Tax Cut 2001

Tax Cut 2001 - Oh where-where-where do we spend that princely sum?

May 30, 2001 – Tax Cut 2001 – Not Everything That Can Be Counted Counts/Not Everything That Counts Can Be Counted

Tax Cut 2001
Tax Cut 2001 – Oh where-where-where do we spend that princely sum?

May 30, 2001 – CBS World News Roundup: Late Edition – Gordon Skene Sound Collection –

May 30, 2001 – Timothy McVeigh was scheduled to get a visit from his attorneys over recently uncovered FBI evidence in the Oklahoma City Bombing case and whether or not to seek a second delay of his execution. The Justice Department had a different view and Attorney General John Ashcroft vowed to fight all attempts to sidetrack the inevitable. Ashcroft, while in Europe, released a statement to the press, saying that the DOJ did an exhaustive research on all the disputed documents and found nothing that would warrant a stay of execution. Officials feared McVeigh’s attorneys would do exactly that and were preparing for a vigorous fight.

Amid talks about the Special Tax Refund, passed by Congress and approved by President Bush, the question on the average American’s mind was “when?” – Treasury Department officials said checks were expected to be cut and sent out starting July 23rd and should all be delivered in about 10 weeks after that. Plans were made to start by issuing checks in numerical order, based on the recipients last two digits of their Social Security Number. Treasury Department officials also said they would be sending out letters containing two important pieces of information: when the check would be cut and for how much. Estimates put the relief checks at a maximum of $300 for an individual and $600 for families. Critics derided the episode as something of a stunt, claiming $300 didn’t buy very much in the then-current economy, and it wasn’t expected to have much in the way of beneficial results – in short; a lot of nothing for a 10 week wait.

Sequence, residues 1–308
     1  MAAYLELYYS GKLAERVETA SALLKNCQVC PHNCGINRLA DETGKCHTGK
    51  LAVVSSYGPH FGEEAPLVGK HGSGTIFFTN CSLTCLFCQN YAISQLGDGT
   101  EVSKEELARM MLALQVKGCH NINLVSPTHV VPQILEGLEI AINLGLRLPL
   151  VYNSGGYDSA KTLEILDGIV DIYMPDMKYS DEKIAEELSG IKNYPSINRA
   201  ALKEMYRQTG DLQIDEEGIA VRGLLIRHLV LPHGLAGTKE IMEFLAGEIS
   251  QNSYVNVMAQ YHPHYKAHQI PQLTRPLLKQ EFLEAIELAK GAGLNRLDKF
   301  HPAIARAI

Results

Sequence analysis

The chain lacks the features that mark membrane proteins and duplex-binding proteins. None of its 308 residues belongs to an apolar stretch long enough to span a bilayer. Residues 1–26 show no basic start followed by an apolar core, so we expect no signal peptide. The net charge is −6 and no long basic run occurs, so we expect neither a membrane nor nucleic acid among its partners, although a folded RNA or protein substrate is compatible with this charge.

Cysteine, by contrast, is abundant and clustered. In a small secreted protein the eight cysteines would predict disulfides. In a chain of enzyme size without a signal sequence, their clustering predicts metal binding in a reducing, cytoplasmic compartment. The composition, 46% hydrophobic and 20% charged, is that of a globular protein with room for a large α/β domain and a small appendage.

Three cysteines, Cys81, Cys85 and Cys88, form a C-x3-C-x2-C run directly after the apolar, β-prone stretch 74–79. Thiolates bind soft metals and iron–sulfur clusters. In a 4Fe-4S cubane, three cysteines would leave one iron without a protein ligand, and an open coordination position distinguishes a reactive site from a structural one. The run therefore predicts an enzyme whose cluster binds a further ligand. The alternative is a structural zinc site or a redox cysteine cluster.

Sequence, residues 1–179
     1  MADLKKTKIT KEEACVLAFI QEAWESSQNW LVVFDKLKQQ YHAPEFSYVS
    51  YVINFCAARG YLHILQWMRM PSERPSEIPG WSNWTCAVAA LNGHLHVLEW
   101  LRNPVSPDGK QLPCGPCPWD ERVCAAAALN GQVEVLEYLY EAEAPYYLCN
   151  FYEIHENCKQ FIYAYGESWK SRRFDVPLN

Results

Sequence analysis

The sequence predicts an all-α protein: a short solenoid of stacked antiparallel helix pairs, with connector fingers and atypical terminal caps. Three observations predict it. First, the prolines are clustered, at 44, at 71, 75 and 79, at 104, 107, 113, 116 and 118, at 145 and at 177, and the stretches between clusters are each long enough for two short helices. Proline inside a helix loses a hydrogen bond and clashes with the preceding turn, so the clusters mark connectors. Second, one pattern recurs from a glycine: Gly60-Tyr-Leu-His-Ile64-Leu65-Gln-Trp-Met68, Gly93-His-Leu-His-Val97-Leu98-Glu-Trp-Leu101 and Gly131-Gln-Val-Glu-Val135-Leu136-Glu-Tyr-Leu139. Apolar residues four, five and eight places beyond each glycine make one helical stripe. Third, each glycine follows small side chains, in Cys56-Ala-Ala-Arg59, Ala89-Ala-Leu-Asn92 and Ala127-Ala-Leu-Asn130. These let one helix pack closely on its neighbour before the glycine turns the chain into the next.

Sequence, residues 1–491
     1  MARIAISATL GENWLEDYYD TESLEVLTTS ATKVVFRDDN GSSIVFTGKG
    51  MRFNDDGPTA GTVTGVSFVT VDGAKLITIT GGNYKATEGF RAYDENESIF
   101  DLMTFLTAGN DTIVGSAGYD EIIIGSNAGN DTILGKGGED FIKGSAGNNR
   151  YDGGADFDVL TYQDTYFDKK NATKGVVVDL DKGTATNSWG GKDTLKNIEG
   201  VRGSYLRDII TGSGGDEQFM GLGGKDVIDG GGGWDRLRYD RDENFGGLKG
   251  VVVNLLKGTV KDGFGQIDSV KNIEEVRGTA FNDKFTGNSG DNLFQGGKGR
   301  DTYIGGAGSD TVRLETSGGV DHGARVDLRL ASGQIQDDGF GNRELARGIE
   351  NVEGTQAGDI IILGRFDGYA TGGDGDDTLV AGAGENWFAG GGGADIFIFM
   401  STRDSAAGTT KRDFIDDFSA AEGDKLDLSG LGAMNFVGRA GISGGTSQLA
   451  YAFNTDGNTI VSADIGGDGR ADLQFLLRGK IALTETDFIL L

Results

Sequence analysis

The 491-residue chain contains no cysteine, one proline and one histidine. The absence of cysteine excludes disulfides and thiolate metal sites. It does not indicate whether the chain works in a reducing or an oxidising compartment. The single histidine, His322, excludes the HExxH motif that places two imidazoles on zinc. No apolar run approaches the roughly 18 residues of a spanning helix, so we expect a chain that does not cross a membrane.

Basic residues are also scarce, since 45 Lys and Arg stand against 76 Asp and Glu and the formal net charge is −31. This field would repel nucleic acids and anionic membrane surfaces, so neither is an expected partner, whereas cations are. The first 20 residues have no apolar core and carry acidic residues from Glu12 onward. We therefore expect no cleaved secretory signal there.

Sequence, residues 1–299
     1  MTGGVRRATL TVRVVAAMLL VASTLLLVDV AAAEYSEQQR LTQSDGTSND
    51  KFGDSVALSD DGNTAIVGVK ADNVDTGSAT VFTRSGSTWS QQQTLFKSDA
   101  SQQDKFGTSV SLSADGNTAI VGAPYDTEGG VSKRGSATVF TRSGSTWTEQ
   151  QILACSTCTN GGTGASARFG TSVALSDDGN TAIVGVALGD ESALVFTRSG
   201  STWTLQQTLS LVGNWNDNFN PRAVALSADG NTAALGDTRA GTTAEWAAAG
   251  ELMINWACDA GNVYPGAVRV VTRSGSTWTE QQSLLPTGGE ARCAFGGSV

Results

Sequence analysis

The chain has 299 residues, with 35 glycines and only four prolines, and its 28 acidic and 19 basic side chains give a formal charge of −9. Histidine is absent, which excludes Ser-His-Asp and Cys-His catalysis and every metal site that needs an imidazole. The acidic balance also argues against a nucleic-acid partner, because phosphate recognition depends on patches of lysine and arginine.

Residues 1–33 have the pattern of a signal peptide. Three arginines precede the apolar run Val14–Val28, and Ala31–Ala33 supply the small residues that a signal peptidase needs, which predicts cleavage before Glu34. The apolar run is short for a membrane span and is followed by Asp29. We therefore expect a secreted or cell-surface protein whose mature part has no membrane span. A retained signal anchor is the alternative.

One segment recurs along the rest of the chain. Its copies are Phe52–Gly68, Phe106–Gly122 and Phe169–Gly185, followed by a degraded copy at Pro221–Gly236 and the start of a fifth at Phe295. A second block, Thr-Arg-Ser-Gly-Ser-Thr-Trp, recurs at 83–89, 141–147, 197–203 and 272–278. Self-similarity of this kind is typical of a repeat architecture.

And the Bush daughters were in hot water again. This time getting busted for using someone else’s i.d. to buy drinks at a restaurant the night before. The legal drinking age in Texas is 21. The twins, Jenna and Barbara, are 19. The episode followed on the heels of a similar incident with Jenna Bush only a month earlier. The White House had no comment and mom and dad were none too thrilled.

And that’s a little of what happened, this May 30, 2001 as reported by The CBS World News Roundup: Late Edition.

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